After Reading Robert Lowell
It is the second October of “hope and change,”
my forty-second. Autumn’s vivid leaves,
crisp bits of eye-fire, foliate explosions
of mortal color: Who can tax such splendor?
I gather dusty books in Arlington:
scores of used volumes, poetry, religion;
I start to wonder if all these blocks of paper
are obstacles between my soul and God.
I am stockpiling sins—lust, wrath, and pride:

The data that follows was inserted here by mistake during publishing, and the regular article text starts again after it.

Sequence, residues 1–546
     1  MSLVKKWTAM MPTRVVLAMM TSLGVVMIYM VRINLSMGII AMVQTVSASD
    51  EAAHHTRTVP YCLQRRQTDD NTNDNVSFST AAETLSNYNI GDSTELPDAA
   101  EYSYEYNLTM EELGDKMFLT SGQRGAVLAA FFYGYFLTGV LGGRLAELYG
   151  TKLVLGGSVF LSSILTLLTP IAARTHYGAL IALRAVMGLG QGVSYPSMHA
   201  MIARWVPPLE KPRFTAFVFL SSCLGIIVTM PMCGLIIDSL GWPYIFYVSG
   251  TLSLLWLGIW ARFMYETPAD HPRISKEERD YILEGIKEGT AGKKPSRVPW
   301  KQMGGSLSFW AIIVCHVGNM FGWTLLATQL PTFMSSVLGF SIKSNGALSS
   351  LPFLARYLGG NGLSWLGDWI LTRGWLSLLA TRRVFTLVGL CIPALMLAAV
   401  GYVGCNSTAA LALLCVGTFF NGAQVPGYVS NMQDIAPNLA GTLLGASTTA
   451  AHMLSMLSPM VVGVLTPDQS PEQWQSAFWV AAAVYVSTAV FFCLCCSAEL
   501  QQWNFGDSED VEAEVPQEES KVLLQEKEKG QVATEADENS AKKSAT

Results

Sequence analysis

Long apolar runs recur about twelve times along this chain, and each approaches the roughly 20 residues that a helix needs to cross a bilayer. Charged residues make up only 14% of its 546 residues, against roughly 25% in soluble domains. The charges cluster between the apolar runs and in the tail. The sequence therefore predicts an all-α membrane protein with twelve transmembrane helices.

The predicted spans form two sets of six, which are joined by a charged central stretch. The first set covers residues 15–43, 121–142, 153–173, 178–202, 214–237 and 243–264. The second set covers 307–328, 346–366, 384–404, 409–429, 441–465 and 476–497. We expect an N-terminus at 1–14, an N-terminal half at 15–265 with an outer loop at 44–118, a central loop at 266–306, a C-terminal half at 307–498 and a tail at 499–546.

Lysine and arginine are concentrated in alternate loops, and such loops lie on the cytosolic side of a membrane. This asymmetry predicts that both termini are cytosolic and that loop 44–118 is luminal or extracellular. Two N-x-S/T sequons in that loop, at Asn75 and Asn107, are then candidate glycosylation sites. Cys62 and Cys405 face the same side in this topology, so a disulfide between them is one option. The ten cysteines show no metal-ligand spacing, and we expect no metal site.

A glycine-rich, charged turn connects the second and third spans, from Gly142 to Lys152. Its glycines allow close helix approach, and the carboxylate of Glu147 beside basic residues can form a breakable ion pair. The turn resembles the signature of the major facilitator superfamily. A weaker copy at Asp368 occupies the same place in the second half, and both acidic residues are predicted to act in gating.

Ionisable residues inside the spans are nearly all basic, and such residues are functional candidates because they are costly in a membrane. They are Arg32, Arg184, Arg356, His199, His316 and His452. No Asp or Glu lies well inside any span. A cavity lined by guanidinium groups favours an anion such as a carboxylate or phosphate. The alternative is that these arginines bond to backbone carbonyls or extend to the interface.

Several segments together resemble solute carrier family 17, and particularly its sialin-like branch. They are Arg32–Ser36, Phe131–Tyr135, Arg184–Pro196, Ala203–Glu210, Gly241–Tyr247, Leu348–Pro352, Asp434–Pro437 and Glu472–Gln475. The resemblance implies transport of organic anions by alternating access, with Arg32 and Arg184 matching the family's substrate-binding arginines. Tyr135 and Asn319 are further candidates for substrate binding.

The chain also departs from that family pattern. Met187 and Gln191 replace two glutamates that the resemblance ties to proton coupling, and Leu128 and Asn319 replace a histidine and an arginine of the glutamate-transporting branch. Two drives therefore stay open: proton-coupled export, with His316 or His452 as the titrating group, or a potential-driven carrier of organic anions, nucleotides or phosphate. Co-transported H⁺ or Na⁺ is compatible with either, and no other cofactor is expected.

inveterate private peccancies, the old
fall-bys that make one sink in the muck and mire.
O Distant One, have mercy on me, weak-willed
addict of leisure and rhyme and cyberspace,
who crave the peace of Thy kingdom. Come, abide.